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AT&T Earnings Soar on Wireless Gains

Wireless once again has proven to be AT&T Inc.’s cash cow and the carrier will rely on its new spectrum holdings to power that trend.

On Tuesday, AT&T reported its first quarter earnings, highlighting continued strength in wireless and gains in wireline, even with residential landline losses.

AT&T racked up $3.5 billion in profit. That’s compared to net income of $2.8 billion a year earlier and $3.14 billion in the fourth quarter of 2007. The wireless unit contributed the most to the bottom line – it recorded $11.8 billion in sales and added 1.3 million net users for a total of 71.4 million, more than any other carrier in the United States.

Wireless fared well thanks to AT&T’s exclusive contract with Apple Inc. for the iPhone and because of ever-increasing demand for mobile data services such as Internet and e-mail. Wireless data sales shot up more than 57 percent compared to the first quarter of 2007.

But AT&T isn’t taking its advances for granted. The Texas-based conglomerate next will upgrade its network, using its spectrum holdings, to better compete with cablecos – they keep luring voice, video and data subscribers away from the telcos.

First, in 2008, AT&T will integrate its 850MHz spectrum with its 3G network. AT&T was using the 850MHz band for TDMA; it cut off 330,000 customers from the outdated service earlier this year.

Then, in 2009 and 2010, AT&T plans to boost speeds up to 28mpbs with HSPA Release 7. The outlook beyond 2010 calls for the carrier to use the Long-Term Evolution, or LTE, protocol. That will accommodate speeds up to 100mpbs, Rick Lindner, senior executive vice president and CFO of AT&T, told analysts on a conference call. CEO Randall Stephenson was conspicuously absent from that meeting.

All of the upgrades will make use of AT&T’s expanded spectrum coverage, from its Aloha Partners LP buyout to its winning bid for the B Block in the FCC’s recent spectrum auction. The licenses reside in the 700MHz band and provide “a terrific foundation for future wireless growth,” Lindner said.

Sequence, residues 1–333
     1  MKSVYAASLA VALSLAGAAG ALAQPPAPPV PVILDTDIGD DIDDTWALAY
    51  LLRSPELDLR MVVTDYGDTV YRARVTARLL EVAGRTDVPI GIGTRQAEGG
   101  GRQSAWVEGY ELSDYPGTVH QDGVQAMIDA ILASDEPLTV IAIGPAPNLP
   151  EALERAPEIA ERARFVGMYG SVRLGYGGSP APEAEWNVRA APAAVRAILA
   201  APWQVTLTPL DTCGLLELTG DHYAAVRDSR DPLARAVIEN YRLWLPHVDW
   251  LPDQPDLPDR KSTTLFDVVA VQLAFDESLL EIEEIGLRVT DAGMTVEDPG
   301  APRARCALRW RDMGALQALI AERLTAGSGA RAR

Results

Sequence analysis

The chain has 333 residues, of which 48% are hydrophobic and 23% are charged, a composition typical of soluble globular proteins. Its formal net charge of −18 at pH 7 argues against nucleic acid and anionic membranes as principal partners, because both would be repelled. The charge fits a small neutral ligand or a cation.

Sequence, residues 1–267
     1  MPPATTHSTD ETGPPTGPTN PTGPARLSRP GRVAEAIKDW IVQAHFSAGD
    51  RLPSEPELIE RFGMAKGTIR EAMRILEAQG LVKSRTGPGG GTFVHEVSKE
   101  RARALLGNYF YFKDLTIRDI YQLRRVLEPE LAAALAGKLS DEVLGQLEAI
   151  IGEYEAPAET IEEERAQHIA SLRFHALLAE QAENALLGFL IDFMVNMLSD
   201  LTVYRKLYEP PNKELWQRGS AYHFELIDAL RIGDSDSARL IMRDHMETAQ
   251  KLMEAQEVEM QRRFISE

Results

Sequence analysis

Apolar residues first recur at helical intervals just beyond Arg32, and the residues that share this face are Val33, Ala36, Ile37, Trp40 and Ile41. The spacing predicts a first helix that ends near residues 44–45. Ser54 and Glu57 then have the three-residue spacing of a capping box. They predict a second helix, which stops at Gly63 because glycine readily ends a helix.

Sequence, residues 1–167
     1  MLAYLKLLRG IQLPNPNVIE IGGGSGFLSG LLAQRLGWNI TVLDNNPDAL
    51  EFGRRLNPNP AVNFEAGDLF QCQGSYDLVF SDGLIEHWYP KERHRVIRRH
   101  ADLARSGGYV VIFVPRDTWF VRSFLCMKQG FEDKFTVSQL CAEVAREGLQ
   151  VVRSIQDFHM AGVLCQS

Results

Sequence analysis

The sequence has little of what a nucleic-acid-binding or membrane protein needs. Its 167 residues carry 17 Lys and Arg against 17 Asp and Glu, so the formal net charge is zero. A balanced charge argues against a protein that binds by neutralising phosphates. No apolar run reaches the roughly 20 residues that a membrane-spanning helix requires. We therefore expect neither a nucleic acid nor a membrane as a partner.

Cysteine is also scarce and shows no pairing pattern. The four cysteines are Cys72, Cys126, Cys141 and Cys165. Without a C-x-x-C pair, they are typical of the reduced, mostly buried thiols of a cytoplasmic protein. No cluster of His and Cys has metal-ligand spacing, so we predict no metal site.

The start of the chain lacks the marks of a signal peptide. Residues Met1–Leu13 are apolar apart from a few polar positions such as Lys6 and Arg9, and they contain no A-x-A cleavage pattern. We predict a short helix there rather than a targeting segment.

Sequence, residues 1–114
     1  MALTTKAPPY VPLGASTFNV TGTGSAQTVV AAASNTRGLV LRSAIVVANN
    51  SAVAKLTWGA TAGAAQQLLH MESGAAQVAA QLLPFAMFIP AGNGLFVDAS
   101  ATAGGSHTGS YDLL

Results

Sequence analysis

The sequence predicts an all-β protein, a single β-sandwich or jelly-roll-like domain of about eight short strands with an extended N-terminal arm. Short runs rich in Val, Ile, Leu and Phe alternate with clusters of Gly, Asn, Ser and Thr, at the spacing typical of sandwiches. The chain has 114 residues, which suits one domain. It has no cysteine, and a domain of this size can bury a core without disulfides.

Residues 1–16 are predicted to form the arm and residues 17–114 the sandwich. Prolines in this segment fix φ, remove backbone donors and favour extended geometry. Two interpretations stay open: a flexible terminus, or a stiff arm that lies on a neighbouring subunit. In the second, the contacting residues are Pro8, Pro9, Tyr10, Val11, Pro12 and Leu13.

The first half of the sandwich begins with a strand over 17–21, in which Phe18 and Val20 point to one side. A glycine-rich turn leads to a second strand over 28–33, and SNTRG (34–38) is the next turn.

Yet even as AT&T preens over its wireless developments, it isn’t snubbing its wireline units. Landline revenue did slump from the defection of 1.6 million residential users, but sales climbed in the enterprise, wholesale and U-verse divisions.

For example, AT&T landed plush contracts with oil giant Shell and coffee distributor Starbucks. Those deals contributed to a 22.9 percent increase in enterprise IP data revenue from services including VPN and hosting.

The carrier also predicted that its wholesale unit will stabilize in the second quarter. The division took a loss, but less than in previous quarters. Declines went from 7.3 percent in the first quarter of 2007 to 3.9 percent. Lindner said improvements will show now that consolidation has slowed and government-mandated UNE-P pricing no longer exists – AT&T now charges commercial rates for wholesale access. Lindner further said the wholesale numbers will improve when concessions from the BellSouth merger lift, which, at the earliest, will happen at the end of the year.

Concessions include not filing for forbearance, as Qwest and Verizon keep doing, and not charging companies like Google Inc. extra for carrying their traffic.

Finally, AT&T is plowing ahead with its U-verse project, whose spending and rollout have been revised from original expectations of widespread availability back in 2006. The company added 148,000 U-verse customers in the first quarter and now serves 379,000.

AT&T shares closed higher on Tuesday, up 22 cents at $37.81.


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